I knew Uncle Dave fought at Anzio, but that was all I knew about his Army service. That was enough - Anzio was the bloodiest fiasco for the US Army in the European theater. From listening to the CDs, it turns out he first fought in N. Africa, then after Anzio he participated in the liberating of Rome.
If you look up New Yorker in the dictionary, Uncle Dave's photo, voice and attitude are in there. And he took all three to war with him. Some of the pranks he pulled were amazing, until I remember it's Uncle Dave doing them. I like his opening: he was a welder employed by the Navy at the Brooklyn Navy Yard, so of course when he was drafted the put him in the Army as a combat engineer.
Reminds me of my brother-in-law who, when he emigrated to Israel, was the guy who built and repaired radars for the Navy, but when they drafted him they put him in the Army as an ambulance driver.
They made a few other mistakes with Uncle Dave, blowing at least three opportunities to make him an officer, or get him specialized technical training. Yeah, he's a blow-hard, but he backs it up with actual knowledge and skill. After his Army stint he learned to fly a plane, and taught his sons. Stuff like that.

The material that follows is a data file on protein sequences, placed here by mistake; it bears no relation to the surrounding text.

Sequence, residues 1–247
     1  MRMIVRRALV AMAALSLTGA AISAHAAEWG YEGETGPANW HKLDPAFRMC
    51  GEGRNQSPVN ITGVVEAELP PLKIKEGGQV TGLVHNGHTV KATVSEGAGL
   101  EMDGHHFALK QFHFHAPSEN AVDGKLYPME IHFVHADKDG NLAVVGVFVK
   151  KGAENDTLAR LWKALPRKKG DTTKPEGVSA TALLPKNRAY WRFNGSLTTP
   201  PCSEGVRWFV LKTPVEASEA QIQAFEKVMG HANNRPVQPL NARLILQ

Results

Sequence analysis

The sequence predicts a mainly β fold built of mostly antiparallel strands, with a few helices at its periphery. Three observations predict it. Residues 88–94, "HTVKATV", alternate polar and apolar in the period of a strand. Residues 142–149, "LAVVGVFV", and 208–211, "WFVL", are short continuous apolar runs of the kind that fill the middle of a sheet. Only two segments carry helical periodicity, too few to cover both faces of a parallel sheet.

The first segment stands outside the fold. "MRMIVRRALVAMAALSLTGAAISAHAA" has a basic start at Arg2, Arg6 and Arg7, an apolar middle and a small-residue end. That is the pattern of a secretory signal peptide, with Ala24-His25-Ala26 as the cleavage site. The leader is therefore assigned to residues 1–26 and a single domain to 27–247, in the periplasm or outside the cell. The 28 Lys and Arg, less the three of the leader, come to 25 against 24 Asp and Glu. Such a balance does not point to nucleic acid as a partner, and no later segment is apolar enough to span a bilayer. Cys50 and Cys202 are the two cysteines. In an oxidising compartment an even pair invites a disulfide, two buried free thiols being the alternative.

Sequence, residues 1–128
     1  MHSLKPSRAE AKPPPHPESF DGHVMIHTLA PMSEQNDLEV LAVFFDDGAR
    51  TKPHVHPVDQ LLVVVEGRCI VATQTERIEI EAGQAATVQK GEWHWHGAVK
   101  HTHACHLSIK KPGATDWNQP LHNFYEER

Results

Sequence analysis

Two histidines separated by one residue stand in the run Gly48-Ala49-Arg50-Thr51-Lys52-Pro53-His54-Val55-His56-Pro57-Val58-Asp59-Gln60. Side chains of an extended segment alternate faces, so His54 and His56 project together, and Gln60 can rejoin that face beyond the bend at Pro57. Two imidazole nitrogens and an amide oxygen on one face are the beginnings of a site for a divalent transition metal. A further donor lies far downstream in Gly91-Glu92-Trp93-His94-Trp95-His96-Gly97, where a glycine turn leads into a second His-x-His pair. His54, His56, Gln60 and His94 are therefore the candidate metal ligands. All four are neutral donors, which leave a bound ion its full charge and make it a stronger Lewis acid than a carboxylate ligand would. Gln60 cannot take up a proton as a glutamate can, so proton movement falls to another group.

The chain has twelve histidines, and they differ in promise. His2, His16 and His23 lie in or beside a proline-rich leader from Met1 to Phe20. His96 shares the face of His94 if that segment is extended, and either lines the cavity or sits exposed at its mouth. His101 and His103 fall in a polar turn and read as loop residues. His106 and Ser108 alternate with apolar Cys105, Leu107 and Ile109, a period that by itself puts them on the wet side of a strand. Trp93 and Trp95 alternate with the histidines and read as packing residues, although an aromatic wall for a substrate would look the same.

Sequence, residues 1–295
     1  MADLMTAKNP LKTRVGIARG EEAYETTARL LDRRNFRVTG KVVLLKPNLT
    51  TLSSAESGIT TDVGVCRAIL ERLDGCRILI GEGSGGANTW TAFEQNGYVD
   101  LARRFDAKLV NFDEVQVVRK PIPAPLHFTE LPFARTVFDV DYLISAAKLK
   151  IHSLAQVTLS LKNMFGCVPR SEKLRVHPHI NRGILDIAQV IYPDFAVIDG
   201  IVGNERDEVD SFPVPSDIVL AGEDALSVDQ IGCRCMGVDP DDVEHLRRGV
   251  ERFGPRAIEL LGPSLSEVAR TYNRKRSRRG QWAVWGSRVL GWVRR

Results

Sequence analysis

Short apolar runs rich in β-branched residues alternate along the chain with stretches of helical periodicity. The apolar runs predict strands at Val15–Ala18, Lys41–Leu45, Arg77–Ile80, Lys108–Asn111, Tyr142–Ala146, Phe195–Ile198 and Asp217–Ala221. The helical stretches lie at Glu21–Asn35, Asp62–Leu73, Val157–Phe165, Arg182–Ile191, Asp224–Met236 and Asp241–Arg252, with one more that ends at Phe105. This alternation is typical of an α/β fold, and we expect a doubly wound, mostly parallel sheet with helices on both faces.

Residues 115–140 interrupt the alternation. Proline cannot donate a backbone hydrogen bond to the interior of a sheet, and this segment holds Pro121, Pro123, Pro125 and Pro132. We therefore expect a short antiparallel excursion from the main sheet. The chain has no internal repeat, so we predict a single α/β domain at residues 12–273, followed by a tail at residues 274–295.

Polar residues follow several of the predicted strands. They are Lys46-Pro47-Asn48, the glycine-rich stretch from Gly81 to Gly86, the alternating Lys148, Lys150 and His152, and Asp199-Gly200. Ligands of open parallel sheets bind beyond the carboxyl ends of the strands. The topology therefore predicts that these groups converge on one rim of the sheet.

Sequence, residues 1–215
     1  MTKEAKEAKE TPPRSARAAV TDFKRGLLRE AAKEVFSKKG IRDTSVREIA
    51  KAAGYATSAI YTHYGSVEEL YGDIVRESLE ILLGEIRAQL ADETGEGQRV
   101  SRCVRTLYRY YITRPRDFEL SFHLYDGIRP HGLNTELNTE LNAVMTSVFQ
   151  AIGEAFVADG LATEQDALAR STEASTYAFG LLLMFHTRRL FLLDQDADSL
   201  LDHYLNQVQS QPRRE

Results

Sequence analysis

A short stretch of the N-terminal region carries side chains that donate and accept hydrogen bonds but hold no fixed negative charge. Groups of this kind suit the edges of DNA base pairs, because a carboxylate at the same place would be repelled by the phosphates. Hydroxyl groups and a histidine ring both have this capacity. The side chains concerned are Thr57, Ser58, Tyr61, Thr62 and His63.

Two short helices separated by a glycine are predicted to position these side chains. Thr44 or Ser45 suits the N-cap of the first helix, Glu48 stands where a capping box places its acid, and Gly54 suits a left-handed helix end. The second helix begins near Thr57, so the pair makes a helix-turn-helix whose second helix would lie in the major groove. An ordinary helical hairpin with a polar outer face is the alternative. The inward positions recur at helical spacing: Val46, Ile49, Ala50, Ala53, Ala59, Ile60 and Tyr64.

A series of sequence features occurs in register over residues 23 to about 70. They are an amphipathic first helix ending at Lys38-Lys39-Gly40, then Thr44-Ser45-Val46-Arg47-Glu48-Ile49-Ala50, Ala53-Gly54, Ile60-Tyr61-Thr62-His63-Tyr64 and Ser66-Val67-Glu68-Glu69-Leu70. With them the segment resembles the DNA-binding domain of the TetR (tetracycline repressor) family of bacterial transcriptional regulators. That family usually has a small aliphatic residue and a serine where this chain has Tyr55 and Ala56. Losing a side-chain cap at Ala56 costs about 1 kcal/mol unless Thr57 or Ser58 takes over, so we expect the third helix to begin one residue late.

One thing the CD is very vague about is the battle of Anzio itself. He describes the basic strategy, and adds a footnote at the end (probably at Harvey's insistance) to the effect that a lot of people died there, but he didn't personalize it. Didn't mention buddies who never made it home. I guess I can understand that. It would probably trigger nightmares about the images which he's managed to put in the background.
One thing he mentioned which puts the moaning and groaning of the Iraq occupation troops in perspective - in WWII Italy, the troops were short of everything. Armor, weapons, ammo, food. Especially food. They mostly lived off of rations, poorly.
I'm glad he sent me a copy, it's something I'll treasure.
*Okay, the tricorder - Click here to see the patent Click on "Images" to see the schematic.